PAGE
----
Ever Baby Born Following A Uterus Transplant From A Deceased Donor

Ever Baby Born Following A Uterus Transplant From A Deceased Donor

Ever Baby Born Following A Uterus Transplant From A Deceased Donor

TThe first successful birth of a child from a womb transplanted from a dead donor in Brazil should give hope to thousands of British women that they can have children, doctors said.

The recipient had Mayer-Rokitansky-Küster-Hauser syndrome, which affects about one in every 4,500 women and results in the vagina and uterus (womb) failing to form properly.

The donor was a 45-year-old woman who died of subarachnoid haemorrhage - a type of stroke involving bleeding on the surface of the brain.

The mother and baby, born through c-section on December 15, 2017, are now cemented in medical history as the first to successfully use a uterus from a deceased donor.

In a landmark move, a baby in Brazil has been born to a woman with a transplanted uterus from a deceased donor.

Ten prior attempts using deceased donors in the United States, the Czech Republic, and Turkey haven't worked, the report noted.

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To prevent her body from rejecting the new organ, the woman was given five different drugs, along with antimicrobials, anti-blood clotting treatments, and aspirin.

In a commentary published with the Lancet case study, two researchers suggest that as more successful uterus transplant surgeries are performed, it may be possible to expand the eligibility criteria.

Uterus transplants have become more common in recent years, resulting in 11 live births around the world.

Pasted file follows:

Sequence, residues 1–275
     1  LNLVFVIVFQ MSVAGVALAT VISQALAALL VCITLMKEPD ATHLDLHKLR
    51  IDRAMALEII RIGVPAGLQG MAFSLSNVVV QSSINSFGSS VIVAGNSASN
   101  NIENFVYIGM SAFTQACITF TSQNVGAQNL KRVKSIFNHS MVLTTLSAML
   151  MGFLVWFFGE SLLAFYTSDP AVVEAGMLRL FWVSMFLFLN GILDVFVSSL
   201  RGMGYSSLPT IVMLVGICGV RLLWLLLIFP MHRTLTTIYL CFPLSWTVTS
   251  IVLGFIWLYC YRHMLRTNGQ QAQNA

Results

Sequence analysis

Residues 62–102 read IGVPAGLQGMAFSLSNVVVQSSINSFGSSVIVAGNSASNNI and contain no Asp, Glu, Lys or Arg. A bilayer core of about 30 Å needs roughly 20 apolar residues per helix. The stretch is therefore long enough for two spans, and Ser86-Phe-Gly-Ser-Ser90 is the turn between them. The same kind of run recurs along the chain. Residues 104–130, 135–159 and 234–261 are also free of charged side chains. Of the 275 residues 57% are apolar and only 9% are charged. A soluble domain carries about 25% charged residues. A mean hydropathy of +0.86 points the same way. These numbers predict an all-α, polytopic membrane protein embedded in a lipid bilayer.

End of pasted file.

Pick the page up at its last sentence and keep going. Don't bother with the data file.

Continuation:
The whole field of uterus transplantation is in its early days.

In a surgery lasting 10.5 hours, the uterus was removed from the donor and transplanted into the recipient, where it was connected to the recipient's veins and arteries as well as her ligaments and vaginal canals.

The woman, a 32-year-old psychologist, was initially apprehensive about the transplant, said Dr Dani Ejzenberg, the transplant team's lead doctor at the University of Sao Paulo School of Medicine.

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The donated uterus was removed during the delivery, as is typical for such transplants - this way the patient doesn't have to keep taking the medications needed to avoid rejection. Lavery said that, at least theoretically, the procedure could be used to allow trans women to carry a baby. Seven months after the transplant, the woman's fertilized eggs were implanted into the uterus, resulting in pregnancy.

"The numbers of people willing and committed to donate organs upon their own deaths are far larger than those of live donors, offering a much wider potential donor population", he said.

"However, the need for a live donor is a major limitation as donors are rare, typically being willing and eligible family members or close friends".

In this trial, the mother was given standard doses of immune suppression medications for nearly six months, with positive results, before implantation of the embryo was completed.

"We must congratulate the authors", commented Dr Srdjan Saso, an honorary clinical lecturer in obstetrics and gynaecology at Imperial College London, describing the findings as "extremely exciting".

Although uterus transplants are a growing area of medicine, they remain highly experimental and are very hard surgeries to complete.

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Stuart Lavery, a consultant gynaecologist at Hammersmith hospital who was not involved in the latest study, said the birth was "quite a significant step", noting that using wombs from deceased donors improves safety.

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